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…Some Trace Of Her

First Published 31 July 2008, Last Updated 31 July 2008

Katie Mitchell is a director famous for dividing opinion with her controversial adaptations of classic literature. Her latest production, the film and stage hybrid …Some Trace Of Her, is no exception. Charlotte Marshall was in the first night audience at the National’s Cottesloe theatre.

Based on Dostoevsky’s The Idiot, Hattie Morahan (Nastasya Filipovna), Jamie Ballard (Rogozhin) and Ben Whishaw (Prince Lev Nikolayevich Myshkin) portray the love triangle that unravels tragically before us with the author’s dramatic intensity. Myshkin, the ‘idiot’ of the piece, arrives in Russia and meets the seductive Filipovna. He is instantly entranced by her beauty and the suffering that he sees etched into her face. Falling in love with her out of pity rather than passion, their affair is tainted by the impassioned Rogozhin who is driven to insanity by his desire for Filipovna. After growing close to another woman, Myshkin is forced to choose between the two with ultimately tragic results.

As a result of Mitchell’s original and novel style, the plot’s importance comes second to the elaborate staging. Not only required to act, the cast become film crew, lighting and sound technicians. Constantly running around the stage to set up the next shot, the audience watches the majority of the play unfold on the screen at the back of the stage as the actors film one another. Projected in black and white, conversations between characters are often shown across split screens, with the characters placed either side of the stage but appearing on film as if sat across from one another. With effects such as this, and raw techniques including spraying the actor with water to demonstrate rain, or mirroring another character drinking tea while sat by a microphone in order to create sound effects, the action taking place on stage can be incredibly distracting from the story being played out on screen. However, the use of film also means expressions and subtle movements that would often be lost on stage are shown to full effect with close ups.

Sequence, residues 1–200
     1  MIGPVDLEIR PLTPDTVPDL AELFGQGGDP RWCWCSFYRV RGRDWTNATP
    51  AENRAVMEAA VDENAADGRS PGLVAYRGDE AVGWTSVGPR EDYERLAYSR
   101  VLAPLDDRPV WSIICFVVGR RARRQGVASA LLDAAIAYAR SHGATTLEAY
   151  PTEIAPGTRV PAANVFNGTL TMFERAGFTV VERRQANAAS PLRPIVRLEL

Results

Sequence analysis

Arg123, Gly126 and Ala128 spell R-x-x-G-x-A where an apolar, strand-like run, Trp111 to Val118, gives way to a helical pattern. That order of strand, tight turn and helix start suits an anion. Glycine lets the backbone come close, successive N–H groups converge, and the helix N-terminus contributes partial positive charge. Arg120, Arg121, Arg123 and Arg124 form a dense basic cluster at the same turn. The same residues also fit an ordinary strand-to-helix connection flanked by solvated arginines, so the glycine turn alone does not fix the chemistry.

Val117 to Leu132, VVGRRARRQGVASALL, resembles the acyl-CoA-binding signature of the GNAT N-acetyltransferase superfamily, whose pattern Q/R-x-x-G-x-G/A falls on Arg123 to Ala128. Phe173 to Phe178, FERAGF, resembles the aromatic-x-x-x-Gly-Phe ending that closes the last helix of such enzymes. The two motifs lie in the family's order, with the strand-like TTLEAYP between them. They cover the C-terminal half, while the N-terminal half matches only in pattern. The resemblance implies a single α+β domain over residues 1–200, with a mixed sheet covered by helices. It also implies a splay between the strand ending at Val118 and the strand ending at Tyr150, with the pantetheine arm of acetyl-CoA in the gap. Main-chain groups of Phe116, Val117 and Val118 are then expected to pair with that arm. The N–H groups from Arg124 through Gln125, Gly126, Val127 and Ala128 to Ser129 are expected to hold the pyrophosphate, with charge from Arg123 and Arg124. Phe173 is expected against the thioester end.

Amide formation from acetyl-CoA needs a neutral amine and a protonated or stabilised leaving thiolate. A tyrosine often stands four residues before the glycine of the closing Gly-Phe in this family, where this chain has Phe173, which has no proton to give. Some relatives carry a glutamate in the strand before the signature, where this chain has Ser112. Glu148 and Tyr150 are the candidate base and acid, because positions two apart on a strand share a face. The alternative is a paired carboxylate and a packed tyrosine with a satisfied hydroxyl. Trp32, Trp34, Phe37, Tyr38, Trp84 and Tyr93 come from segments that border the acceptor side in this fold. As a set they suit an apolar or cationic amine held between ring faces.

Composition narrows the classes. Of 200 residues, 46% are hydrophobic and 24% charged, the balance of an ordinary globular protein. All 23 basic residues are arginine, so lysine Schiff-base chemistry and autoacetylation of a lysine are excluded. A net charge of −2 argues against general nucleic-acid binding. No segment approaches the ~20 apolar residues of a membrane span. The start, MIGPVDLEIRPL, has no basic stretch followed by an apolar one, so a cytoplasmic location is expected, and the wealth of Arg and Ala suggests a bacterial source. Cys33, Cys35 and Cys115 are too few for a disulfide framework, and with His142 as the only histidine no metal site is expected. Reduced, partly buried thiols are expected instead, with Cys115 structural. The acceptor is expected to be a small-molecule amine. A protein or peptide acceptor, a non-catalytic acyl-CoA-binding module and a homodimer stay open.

Combined with Dostoevsky’s emotive and intense writing, the whole effect is rather like watching an old gothic horror film, which Mitchell further intensifies with imagery of maggots and soil flashing up on screen at various points. While her unique style may not be to everyone’s taste, …Some Trace Of Her is a dramatic, intriguing piece of theatre that is sure to spark debate.



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